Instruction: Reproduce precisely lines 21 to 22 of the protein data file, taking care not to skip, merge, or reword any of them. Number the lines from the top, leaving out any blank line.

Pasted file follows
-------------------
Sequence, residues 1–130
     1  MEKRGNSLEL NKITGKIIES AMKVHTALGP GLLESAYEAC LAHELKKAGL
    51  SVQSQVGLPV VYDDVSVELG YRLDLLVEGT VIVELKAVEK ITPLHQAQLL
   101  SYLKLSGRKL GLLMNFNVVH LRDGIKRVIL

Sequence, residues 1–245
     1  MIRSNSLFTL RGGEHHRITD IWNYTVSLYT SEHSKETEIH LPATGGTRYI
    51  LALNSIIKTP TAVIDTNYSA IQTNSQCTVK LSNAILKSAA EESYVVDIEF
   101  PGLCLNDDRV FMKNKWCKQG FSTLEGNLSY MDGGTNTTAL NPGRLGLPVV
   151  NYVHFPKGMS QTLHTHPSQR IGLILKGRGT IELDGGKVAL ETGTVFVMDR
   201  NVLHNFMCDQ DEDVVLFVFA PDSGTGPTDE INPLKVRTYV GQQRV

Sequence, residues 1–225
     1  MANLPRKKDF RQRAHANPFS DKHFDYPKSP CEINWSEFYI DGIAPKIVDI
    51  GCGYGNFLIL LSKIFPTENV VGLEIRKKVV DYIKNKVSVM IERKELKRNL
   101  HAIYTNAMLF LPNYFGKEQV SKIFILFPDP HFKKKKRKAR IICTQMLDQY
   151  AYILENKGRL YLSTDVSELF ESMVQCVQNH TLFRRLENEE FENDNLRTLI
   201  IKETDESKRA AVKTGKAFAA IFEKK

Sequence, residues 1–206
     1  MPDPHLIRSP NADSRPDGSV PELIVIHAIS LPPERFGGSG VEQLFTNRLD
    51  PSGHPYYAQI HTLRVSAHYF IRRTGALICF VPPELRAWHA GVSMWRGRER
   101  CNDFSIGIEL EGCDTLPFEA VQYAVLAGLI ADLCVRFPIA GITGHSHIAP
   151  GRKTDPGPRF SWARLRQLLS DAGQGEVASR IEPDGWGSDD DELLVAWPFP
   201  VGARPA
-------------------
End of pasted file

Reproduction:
   151  GRKTDPGPRF SWARLRQLLS DAGQGEVASR IEPDGWGSDD DELLVAWPFP
   201  VGARPA